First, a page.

Counter-Flow Electromigration Separations of Monovalent Ions
Ion separations are vital for purifying the salts needed to produce batteries, magnets, and other devices. Graduate student Chao Tang's research demonstrates that simple flow of ionic solutions through charged nanoporous membranes can separate dilute ions based on their different electrophoretic mobilities. Remarkably, flow of solutions containing LiCl and KCl through a polycarbonate membrane with 30-nm pores gives a Li+/K+ selectivity of 50 Chem. Commun., 56, 10954-10957 (2020).
The separation mechanism includes development of a streaming potential that causes cation electromigration that opposes the convective flow through the membrane. Because the membrane pores are negatively charged and contain an excess of cations, flow through the membrane induces a transmembrane potential drop that maintains zero current. This potential retards the transport of K+ more than that of Li+ because K+ has a larger electrophoretic mobility than Li+. At sufficiently fast flow the separation becomes highly selective even with a relatively high Li+ passage. Unfortunately, the separation only occurs at salt concentrations low enough to give high streaming potentials. Current work aims to use electrodes to perform separations at higher salt concentrations. We recently showed that when applying an electrical potential across the membrane Li+/K+ selectivities around 150 are possible even at high ionic strength J. Membrane Sci. 638, 119684 (2021). However, the separation now requires electrodes and energy input.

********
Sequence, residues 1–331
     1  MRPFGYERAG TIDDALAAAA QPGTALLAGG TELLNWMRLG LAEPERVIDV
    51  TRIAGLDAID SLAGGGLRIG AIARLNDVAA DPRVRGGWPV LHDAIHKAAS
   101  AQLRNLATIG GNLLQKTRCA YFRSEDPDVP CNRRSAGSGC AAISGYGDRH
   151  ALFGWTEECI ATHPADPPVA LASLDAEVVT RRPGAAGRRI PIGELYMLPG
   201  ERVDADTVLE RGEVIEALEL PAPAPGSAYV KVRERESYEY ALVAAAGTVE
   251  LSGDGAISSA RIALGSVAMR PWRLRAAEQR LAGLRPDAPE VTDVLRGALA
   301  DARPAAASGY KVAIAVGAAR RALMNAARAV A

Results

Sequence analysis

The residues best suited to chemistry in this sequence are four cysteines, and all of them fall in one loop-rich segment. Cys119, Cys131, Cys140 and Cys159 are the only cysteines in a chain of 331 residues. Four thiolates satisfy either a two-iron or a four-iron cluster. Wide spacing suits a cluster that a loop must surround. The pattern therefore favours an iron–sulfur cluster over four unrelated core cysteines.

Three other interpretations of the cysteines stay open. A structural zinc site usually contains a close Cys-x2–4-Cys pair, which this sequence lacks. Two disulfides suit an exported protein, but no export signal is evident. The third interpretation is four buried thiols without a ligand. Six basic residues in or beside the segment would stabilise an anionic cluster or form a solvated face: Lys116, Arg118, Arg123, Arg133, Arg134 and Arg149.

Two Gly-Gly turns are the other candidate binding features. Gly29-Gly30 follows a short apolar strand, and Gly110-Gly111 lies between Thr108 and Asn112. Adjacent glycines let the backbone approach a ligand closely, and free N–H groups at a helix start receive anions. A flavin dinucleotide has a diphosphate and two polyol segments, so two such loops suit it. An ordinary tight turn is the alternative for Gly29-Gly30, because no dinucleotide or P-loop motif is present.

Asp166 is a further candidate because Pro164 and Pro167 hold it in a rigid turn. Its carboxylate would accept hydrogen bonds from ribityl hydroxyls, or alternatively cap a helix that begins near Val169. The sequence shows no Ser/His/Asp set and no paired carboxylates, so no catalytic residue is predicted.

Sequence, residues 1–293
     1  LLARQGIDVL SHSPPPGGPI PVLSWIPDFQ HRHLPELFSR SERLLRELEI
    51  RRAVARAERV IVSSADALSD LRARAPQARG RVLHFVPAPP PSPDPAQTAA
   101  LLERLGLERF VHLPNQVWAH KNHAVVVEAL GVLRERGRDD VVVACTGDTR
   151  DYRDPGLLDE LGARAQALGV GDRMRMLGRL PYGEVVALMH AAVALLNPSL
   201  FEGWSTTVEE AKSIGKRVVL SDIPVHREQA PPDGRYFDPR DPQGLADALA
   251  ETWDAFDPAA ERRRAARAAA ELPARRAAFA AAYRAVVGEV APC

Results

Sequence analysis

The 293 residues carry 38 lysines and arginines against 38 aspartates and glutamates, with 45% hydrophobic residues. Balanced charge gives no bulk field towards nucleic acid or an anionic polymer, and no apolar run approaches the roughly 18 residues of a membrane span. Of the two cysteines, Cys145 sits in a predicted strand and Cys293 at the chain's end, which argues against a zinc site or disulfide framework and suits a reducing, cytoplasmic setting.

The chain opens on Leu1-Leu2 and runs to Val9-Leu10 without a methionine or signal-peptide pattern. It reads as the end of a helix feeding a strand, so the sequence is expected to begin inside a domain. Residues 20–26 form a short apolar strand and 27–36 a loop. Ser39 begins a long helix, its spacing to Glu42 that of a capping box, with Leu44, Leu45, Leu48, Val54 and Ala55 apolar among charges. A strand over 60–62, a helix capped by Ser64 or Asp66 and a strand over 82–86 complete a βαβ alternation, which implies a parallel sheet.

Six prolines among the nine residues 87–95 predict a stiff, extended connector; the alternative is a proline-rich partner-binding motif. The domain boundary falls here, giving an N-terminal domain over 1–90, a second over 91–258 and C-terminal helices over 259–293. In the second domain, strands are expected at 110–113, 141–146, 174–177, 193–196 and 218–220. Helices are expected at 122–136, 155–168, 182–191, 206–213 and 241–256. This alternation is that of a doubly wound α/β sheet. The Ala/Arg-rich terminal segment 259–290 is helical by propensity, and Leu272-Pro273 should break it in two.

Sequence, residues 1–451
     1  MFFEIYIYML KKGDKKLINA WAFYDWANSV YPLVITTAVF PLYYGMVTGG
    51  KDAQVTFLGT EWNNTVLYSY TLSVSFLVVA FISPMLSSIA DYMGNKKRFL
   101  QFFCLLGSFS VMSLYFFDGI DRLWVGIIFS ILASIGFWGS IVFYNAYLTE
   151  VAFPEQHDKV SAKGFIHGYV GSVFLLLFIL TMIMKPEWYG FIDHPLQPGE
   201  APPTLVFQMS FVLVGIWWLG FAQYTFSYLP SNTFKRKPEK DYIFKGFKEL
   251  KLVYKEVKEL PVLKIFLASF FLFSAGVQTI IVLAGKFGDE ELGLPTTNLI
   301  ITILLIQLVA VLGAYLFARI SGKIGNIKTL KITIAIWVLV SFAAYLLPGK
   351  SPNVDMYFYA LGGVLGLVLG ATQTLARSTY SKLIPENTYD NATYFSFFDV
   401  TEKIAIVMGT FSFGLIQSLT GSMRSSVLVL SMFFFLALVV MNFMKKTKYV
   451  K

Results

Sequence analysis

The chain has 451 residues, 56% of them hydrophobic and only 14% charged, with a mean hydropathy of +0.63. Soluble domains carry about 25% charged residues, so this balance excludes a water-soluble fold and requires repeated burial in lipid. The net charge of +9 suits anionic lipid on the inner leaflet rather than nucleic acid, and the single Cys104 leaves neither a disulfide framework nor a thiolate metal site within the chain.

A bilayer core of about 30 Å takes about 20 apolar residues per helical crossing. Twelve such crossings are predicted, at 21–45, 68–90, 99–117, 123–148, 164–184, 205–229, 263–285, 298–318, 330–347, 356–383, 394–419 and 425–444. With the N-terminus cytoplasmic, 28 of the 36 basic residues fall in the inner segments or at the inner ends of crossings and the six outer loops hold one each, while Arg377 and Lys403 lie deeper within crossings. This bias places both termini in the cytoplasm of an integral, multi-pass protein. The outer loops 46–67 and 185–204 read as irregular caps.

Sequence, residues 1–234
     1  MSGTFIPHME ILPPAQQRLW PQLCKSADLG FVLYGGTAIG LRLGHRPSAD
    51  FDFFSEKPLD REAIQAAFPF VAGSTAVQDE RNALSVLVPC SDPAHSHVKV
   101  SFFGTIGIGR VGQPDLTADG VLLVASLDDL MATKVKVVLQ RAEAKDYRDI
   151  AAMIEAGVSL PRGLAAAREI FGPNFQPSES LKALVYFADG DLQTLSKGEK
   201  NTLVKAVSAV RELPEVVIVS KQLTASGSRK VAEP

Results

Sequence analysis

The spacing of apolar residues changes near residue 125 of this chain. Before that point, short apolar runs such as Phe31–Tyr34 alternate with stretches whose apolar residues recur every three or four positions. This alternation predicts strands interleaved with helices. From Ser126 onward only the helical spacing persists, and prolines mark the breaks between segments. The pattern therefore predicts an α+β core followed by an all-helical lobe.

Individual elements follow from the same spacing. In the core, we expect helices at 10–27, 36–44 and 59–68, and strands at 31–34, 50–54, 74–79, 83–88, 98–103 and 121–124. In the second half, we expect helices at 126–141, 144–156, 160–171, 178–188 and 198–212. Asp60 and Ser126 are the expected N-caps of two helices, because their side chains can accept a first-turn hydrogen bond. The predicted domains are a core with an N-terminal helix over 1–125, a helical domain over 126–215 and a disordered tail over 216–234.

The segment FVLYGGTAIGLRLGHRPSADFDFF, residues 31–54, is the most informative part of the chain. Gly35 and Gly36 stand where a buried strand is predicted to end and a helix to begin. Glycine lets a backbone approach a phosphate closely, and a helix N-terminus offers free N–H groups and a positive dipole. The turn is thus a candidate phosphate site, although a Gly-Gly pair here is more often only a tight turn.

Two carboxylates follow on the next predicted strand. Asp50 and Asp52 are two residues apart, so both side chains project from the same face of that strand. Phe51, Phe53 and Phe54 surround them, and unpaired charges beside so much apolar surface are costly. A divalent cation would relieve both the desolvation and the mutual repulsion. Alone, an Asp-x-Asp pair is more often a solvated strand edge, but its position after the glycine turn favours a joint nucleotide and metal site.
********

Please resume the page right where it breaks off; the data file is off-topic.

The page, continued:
We are grateful for funding from the Division of Chemical Sciences, Geosciences, and Biosciences, Office of Basic Energy Sciences of the U.S. Department of energy through Grant DE-SC0017618.